Vital Signs: Is Unemployment Near a Peak?James Cooper
The headliner of this week’s economic news is the Labor Dept.’s employment report for March. The high level of weekly unemployment claims, which stood at 652,000 on Mar. 21, says the job market is still deteriorating. The employment report will tell us just how badly. The median expectation of economists surveyed by Action Economics is for payrolls to drop by about 650,000. That would be about the same amount as in February. In addition, given another sharp increase in the unemployment rate for insured workers, analysts look for the overall jobless rate to jump to 8.4%, from 8.1%.
The big question now is: How high will the unemployment rate go? It’s an important question for two reasons. First, economists say high and persistent slack in the labor markets in the range of 9% to 10% joblessness has the potential to fuel deflation. And second, the jobless rate continues to head toward the 10% level assumed to be a worst-case scenario in Washington’s stress tests for the nation’s banks. Unemployment has already hit 10% in California, Michigan, Rhode Island, and South Carolina.
The jump in joblessness over the past year is on a par with the fastest yearly increases since monthly data began in 1948, and the rise is far from over. The economy has to grow on the order of 2.5% over a sustained period just to create enough jobs to keep up with the increase in the labor force. That pace of economic growth is consistent with monthly payroll gains of about 100,000. These are the minimum conditions for simply stopping the increase in the unemployment rate and holding it steady. Considerably faster growth will be needed to bring the rate back down to the 5% level generally considered to be full employment.
Unemployment’s peak will depend mainly on the depth of the recession. Right now, the consensus forecast implies a peak-to-trough decline in real GDP of about 3.5%. Using a classic relationship between real GDP growth and changes in the jobless rate, economists at UBS estimate such a decline would yield a peak jobless rate in the neighborhood of 8.75%. The same analysis implies it would take a 6% total drop in real GDP to generate 10% unemployment.
The problem, however, is that when GDP growth turns positive, the recovery may not be strong enough to prevent the jobless rate from continuing to rise well into 2010. That GDP/unemployment relationship is based on historical patterns, and, in the past, deep recessions have typically been followed by strong recoveries. That’s not expected to be the case this time, because of the long healing time the banking system and the credit markets are likely to require.
Although it’s not much consolation, the March report on payrolls may hold hope that the worst of the job losses are behind us. The biggest monthly drop so far was 681,000 in December, followed by declines of 655,000 and 651,000 in January and February. In the four weeks through Mar. 21, weekly jobless claims appear to have stabilized, although at a very high level. Even so, it’s a long way between now and the economic conditions necessary to halt the rise in the unemployment rate.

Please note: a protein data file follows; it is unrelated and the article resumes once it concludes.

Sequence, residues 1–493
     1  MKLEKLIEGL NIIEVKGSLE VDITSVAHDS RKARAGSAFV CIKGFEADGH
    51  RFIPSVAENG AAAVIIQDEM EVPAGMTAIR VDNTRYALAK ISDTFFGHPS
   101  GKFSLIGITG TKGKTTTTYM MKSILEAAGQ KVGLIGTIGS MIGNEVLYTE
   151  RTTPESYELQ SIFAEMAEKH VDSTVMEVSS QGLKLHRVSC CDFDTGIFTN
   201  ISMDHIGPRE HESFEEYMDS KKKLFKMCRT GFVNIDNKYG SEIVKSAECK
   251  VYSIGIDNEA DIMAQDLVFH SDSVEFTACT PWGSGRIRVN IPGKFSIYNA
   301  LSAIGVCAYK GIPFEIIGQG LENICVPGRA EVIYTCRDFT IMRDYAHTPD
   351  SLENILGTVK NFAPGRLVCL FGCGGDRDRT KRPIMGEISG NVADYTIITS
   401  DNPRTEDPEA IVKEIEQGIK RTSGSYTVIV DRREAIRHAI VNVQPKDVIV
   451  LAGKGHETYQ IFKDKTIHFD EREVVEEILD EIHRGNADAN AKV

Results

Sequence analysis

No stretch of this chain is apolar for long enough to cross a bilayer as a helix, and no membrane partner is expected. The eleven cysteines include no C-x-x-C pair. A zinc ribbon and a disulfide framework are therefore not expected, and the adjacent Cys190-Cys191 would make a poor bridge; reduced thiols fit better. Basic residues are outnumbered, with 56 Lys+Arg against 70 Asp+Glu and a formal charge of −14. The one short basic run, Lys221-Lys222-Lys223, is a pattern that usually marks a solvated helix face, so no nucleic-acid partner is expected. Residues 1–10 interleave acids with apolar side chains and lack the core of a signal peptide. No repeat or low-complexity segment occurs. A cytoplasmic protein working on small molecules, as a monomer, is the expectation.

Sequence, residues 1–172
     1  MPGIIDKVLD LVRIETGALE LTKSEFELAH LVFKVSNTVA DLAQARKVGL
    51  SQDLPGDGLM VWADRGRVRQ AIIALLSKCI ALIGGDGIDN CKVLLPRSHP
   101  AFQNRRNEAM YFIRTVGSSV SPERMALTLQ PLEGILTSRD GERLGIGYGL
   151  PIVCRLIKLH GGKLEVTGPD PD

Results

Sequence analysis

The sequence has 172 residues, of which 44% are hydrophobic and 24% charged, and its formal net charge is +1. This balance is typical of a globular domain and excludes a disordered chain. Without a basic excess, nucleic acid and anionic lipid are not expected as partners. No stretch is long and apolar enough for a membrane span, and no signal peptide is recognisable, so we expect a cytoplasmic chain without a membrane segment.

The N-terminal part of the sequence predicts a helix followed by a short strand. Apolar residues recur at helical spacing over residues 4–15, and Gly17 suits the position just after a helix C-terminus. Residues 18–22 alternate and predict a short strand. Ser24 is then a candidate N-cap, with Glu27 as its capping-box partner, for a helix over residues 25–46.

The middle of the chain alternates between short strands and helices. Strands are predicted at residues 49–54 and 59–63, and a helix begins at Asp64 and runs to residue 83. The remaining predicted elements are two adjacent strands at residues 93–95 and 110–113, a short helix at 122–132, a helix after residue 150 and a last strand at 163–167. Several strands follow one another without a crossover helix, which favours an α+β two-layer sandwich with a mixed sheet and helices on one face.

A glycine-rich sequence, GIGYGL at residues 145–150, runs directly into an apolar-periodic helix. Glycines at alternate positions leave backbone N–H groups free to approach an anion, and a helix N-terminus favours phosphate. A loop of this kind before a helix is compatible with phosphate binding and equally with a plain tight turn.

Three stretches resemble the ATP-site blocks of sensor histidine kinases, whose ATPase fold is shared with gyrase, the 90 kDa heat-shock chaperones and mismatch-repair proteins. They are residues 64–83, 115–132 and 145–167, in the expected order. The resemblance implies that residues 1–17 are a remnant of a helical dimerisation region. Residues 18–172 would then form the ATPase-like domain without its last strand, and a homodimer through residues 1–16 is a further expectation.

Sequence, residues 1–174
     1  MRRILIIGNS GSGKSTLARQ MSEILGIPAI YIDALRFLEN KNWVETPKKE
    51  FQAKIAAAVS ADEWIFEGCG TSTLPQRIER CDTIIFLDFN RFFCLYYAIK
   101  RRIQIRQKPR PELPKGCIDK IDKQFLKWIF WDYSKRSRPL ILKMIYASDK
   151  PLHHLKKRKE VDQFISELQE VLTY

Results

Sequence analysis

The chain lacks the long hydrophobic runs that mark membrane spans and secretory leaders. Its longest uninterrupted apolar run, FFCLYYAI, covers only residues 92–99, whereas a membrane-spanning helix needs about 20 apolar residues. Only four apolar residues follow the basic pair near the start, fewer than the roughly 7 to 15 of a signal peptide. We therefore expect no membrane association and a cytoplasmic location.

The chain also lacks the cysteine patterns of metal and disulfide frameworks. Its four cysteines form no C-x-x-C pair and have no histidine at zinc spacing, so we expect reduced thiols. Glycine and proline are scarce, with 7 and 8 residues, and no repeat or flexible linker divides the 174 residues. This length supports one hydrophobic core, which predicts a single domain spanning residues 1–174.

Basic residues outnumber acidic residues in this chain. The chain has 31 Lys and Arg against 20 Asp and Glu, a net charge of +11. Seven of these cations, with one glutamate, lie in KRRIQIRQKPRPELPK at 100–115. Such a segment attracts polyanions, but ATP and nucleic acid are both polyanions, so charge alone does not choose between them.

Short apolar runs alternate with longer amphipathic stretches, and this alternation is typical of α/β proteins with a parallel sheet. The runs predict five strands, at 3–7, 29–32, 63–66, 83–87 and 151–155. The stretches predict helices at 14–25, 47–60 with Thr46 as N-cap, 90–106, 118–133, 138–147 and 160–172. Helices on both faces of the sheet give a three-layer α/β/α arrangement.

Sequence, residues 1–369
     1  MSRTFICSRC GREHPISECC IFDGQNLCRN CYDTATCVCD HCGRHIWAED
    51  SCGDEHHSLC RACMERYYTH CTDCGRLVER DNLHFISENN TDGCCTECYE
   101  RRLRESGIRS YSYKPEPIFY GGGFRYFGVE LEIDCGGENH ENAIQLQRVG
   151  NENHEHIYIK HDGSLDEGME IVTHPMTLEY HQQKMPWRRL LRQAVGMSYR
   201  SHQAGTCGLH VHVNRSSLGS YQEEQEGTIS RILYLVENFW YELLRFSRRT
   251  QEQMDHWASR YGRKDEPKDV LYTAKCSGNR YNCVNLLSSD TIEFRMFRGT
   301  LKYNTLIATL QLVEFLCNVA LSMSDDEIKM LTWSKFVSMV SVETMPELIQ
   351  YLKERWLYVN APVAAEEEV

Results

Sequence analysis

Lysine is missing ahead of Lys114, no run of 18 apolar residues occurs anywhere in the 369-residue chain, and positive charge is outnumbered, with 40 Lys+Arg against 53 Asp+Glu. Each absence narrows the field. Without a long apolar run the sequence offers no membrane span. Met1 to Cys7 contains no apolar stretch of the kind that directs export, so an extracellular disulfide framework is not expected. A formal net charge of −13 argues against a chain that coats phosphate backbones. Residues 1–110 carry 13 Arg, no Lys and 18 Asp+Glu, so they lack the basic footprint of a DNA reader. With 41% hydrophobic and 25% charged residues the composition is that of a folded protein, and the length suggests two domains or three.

Here’s the weekly economic calendar, from Action Economics:
|Reports||Date||Time||For||Median Estimate||Last Period|
|Chicago PMI||Tuesday, Mar. 31||9:45 a.m.||March||34.9||34.2|
|Consumer Confidence Index||Tuesday, Mar. 31||10:00 a.m.||March||25.4||25.0|
|ISM Index, Manufacturing||Wednesday, Apr. 1||10:00 a.m.||March||36.0||35.8|
|Construction Spending||Wednesday, Apr. 1||10:00 a.m.||February||-1.7%||-3.3%|
|Domestic Auto Sales (Millions)||Wednesday, Apr. 1||afternoon||March||3.0||2.9|
|Domestic Light Truck Sales (Millions)||Wednesday, Apr. 1||afternoon||March||3.5||3.5|
|Factory Orders||Thursday, Apr. 2||10:00 a.m.||February||-1.3%||-1.9%|
|Nonfarm Payrolls (Thousands)||Friday, Apr. 3||8:30 a.m.||March||-645||-651|
|Manufacturing Payrolls (Thousands)||Friday, Apr. 3||8:30 a.m.||March||-160||-168|
|Unemployment Rate||Friday, Apr. 3||8:30 a.m.||March||8.4%||8.1%|
|Average Hourly Earnings||Friday, Apr. 3||8:30 a.m.||March||0.2%||0.2%|
|Average Weekly Hours Worked||Friday, Apr. 3||8:30 a.m.||March||33.3||33.3|
|ISM Index, Nonmanufacturing||Friday, Apr. 3||10:00 a.m.||March||42.0||41.6|
|Dallas Fed Survey||Monday, Mar. 30||10:30 a.m.||March|
|ICSC-UBS Store Sales||Tuesday, Mar. 31||7:45 a.m.||Mar. 22-28|
|Johnson Redbook Weekly Store Sales||Tuesday, Mar. 31||8:55 a.m.||Mar. 22-28|
|S&P Case Shiller Home Price Index||Tuesday, Mar. 31||9:00 a.m.||January|
|SPEECH: Minneapolis Fed President Stern||Tuesday, Mar. 31||9:00 a.m.|
|SPEECH: Philadelphia Fed President Plosser||Tuesday, Mar. 31||1:00 p.m.|
|EARNINGS: Apollo Group (APOL)||Tuesday, Mar. 31|
|EARNINGS: Lennar (LEN)||Tuesday, Mar. 31|
|Mortgage Applications||Wednesday, Apr. 1||7:00 a.m.||Mar. 22-28|
|ADP Employment Data||Wednesday, Apr. 1||8:15 a.m.||March|
|Pending Home Sales||Wednesday, Apr. 1||10:00 a.m.||February|
|Initial Unemployment Claims||Thursday, Apr. 2||8:30 a.m.||Mar. 22-28|
|EARNINGS: Micron Technology (MU)||Thursday, Apr. 2|
|EARNINGS: Monsanto (MON)||Thursday, Apr. 2|
|SPEECH: Fed Chairman Bernanke||Friday, Apr. 3||12:00 p.m.|